Motion System Design

Need for update to NEMA standards

The National Electrical Manufacturers Association (NEMA) has yet to recommend that new motors sport protection against electrical discharges. Current NEMA standards highlight the possible need for extra bearing protection for VFD-driven motors, but the language isn’t specific enough to guide motor manufacturers and doesn’t yet reflect the effect of new innovation in shaft grounding. Stronger standards calling for effective mitigation would go a long way toward cautioning motor users of the need for such mitigation.

In its key role as an industry leader, NEMA is in the unique position to update its MG1 standard to more clearly state that common mode shaft voltages are present in virtually all motors fed by pulse-width-modulated (PWM) VFDs. No other entity is in such a position of authority, so NEMA may at the same time address the overall problem of electrical bearing damage more directly.

The association’s current standards acknowledge the potential damage from VFD-induced voltage spikes: They state that motors controlled by modern VFDs containing insulated gate bipolar transistors (IGBTs) should be designed to withstand repeated spikes (at the terminals) of up to 3.1 times the motor’s rated voltage, at rise times not less than 0.1 microsecond. When addressing the potential for bearing currents, the language is less prescriptive.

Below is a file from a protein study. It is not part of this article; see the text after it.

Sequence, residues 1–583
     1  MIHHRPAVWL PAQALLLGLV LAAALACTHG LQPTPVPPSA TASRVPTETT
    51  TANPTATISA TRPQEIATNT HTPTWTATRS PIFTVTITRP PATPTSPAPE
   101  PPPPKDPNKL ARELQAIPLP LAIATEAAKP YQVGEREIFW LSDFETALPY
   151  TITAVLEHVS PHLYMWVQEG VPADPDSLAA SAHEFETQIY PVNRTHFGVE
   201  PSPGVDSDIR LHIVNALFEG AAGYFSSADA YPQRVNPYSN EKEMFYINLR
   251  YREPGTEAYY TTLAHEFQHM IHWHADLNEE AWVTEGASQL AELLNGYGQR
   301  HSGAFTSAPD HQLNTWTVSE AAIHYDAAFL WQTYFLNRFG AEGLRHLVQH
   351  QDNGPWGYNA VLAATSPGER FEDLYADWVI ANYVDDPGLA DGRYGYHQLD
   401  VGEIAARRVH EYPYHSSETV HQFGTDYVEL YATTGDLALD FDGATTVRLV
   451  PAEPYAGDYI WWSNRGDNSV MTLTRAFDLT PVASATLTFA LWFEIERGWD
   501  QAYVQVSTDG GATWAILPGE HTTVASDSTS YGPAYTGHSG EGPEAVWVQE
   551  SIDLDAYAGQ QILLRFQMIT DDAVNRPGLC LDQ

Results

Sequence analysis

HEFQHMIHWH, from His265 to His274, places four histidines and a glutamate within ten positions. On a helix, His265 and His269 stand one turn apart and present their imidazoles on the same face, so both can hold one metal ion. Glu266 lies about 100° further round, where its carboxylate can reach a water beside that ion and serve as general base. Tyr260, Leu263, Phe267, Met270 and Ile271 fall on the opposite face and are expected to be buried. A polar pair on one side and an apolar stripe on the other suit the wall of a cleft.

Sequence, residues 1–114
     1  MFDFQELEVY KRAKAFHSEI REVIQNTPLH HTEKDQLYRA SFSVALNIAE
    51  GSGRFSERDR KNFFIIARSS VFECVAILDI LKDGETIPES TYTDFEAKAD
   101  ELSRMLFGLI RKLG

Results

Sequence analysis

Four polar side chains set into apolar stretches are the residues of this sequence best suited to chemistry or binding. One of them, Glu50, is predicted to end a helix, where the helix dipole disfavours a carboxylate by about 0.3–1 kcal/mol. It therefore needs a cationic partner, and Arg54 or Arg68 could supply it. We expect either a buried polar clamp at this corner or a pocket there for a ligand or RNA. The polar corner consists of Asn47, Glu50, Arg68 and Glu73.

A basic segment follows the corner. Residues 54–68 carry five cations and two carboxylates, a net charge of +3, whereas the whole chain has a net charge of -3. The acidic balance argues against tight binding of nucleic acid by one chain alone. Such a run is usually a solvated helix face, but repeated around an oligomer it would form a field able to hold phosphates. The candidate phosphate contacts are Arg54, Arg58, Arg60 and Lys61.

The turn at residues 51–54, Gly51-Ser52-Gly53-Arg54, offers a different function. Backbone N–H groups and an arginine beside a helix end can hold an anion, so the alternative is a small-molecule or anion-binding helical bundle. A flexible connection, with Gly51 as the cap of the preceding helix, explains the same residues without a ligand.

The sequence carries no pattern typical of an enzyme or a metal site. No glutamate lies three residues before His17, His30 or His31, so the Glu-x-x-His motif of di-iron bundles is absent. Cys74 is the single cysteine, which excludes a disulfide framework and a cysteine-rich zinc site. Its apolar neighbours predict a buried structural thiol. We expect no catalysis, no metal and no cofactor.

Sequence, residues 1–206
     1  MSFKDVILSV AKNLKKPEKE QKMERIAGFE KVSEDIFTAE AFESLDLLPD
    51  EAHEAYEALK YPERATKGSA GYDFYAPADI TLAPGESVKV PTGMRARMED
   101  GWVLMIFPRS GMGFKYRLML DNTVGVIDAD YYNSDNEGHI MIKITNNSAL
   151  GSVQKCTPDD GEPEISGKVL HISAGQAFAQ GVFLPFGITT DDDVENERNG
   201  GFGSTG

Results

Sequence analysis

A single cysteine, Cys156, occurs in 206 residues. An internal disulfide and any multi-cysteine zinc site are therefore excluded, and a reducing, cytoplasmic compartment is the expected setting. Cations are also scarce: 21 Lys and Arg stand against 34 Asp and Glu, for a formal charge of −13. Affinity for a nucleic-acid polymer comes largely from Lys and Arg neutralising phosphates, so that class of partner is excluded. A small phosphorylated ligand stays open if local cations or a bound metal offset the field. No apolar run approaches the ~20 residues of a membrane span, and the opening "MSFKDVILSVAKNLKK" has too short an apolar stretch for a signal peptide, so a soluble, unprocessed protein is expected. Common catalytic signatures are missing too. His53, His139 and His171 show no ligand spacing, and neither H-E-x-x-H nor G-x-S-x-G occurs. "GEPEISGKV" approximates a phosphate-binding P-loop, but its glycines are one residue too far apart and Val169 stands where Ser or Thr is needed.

NEMA Standard MG1-2009 (Revision 1-2010), Section IV, Part 31, Definite-Purpose Inverter-Fed Polyphase Motors, correctly states: “Shaft voltages can result in the flow of destructive currents through motor bearings, manifesting themselves through pitting of the bearings, scoring of the shaft, and eventual bearing failure.”
Subsection of Part 31 recommends bearing insulation at one end of a larger motor (defined as “usually 500 frame or larger,” horsepower unspecified) if the peak shaft voltage is greater than 300 mV.

Unfortunately, the paragraph dealing with these larger motors only mentions circulating end-to-end shaft currents caused by magnetic dissymmetries under sinusoidal operation. It fails to add that the bearings of large motors can also be plagued by VFD-induced, high-frequency capacitively coupled common mode voltages.

In future standards, it could be noted that for motors above 100 hp, in which both circulating currents and common mode voltages could cause bearing damage, combining an insulated bearing on one end with a shaft grounding ring on the opposite end provides optimal protection from electrical bearing damage.

Please refer to the August 2012 article from Motion System Design from Adam Willwerth, in which this topic is discussed in full.
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